An ancedote about my, Lawrence J. Bookbinder, Ph.D.'s, use of empathy and listening skills during a conversation will introduce the use of empathy and listening skills to foster good relationships, emotional intimacy, happy marriages, and psychological hugs.
Before you begin reading this anecdote, consider getting oriented to this six-page website by reading its Home Page, titled Empathy, Listening Skills, and Relationships.
I use the term "listening skills" to include both listening and acknowledging what was heard or understood.
I was walking to the exit of a four-story parking building next to a five-story medical clinic. The day was Friday, the time was 2:25pm, and the building was crammed with cars. A man who appeared to be 75-years-old walked in. As he neared me, he stopped, turned towards me and said: "Are they giving something away today? I've never seen it so crowded."
He appeared unable to believe that the building was filled to capacity.
"I'll bet it's because many people don't work on Fridays, so it's convenient for them to schedule their appointments on Fridays," I said.
My response did not acknowledge either his perception of the building as crowded or his astonishment that it was crowded. I had given him an explanation, not an acknowledgement.
"It's not because it's Friday. I usually come here on Fridays and it's never been this crowded," he said.
"It is very crowded today, and I don't know why," I said.
Finally I had acknowledged his perception that the building was crowded! He probably would have been more satisfied if I had also acknowledged his feeling by adding, for example: "You're astonished that it's so crowded."
Discussion of Empathy and Listening Skills ooooooooI tried to acknowledge the astonished man's statement because of my interest in this activity. Otherwise, I would have responded by saying something such as "That's interesting" or "I hadn't noticed" and continued walking to the exit. I am not advocating that you spend your valuable time acknowledging the statements of every person you meet.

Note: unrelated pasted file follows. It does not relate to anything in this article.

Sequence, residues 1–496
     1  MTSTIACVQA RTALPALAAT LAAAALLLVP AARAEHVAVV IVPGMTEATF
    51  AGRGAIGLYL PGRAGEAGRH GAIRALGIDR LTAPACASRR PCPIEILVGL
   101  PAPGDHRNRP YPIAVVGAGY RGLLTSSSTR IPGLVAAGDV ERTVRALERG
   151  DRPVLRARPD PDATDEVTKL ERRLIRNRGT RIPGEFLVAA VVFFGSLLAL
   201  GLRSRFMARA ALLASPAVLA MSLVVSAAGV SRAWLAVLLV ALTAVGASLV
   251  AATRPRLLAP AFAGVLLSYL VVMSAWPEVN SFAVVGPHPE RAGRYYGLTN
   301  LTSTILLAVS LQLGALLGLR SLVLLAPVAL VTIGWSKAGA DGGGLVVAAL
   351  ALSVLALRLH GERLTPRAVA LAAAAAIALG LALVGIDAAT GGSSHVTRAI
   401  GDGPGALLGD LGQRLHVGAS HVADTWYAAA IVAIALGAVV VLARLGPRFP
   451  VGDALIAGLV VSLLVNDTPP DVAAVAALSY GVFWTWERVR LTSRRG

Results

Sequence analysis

One reason for my inadequate use of empathy and listening skills was my preoccupation with arriving for my appointment on time. Another reason is that I, an empathy and listening skills expert, continually work on improving my skills, similar to a violinist with a major symphony orchestra practicing several times a week even after the end of the concert season.
I did not know why the man was astonished about the parking building being filled. What did matter was that he was astonished, and felt impelled to share his astonishment with another person, me in this case, and have me acknowledge it.
If I had continued talking with him, I believe that my use of empathy and listening skills would have increased my potential for establishing a good relationship with him.
Empathy, Listening Skills, and Acknowledging ooooooooThe term empathic acknowledging was coined by me to label the use of empathy and listening skills during a conversation.
An example: I listened to the astonished man and empathized with his perception that the garage was full (but, unfortunately, did not empathize with his astonishment).
I acknowledged him by spending some of my valuable time listening with empathy to his statement.
I acknowledged his statement by sharing my understanding of it with him.
To follow the unfolding of this website, read the Empathy and Listening Skills - Method page next.
If you liked this site, e-mailing me your thanks will reward me for creating it and help sustain my motivation to keep it going for future visitors.
Empathy, Listening Skills, and Intimacy is an expanded version of the above website.
Listening Skills and Relationships is a discussion board which includes messages from me and my responses to messages from others. To read or post messages, you do not have to register. Visit the board to read questions and answers, ask or answer questions, share experiences, etc.
Sympathy versus Empathy explains the differences and similarities between sympathy and empathy.
Empathy contains a description of a conversation with a United States Copyright Office representative during which I used empathy.
Empathy and Listening Skills illustrates the difference between understanding the information the other person is saying to you versus understanding the meaning to her of saying the information.
Listening Skills contains a description of listening to my wife talk about her grocery shopping trips.
Communication Skills illustrates my use of nonverbal "listening skills" during a conversation to assess whether the other person is receiving my message.
Listening Skills Professionals Listen Empathically -1 explains why I advocate that society establish the profession of empathic listener as a profession separate and independent from that of psychotherapist.
Copyright © 1997, 1998, 1999, 2000, 2001, 2002, 2003, 2004, and 2005 by Lawrence J. Bookbinder, Ph.D.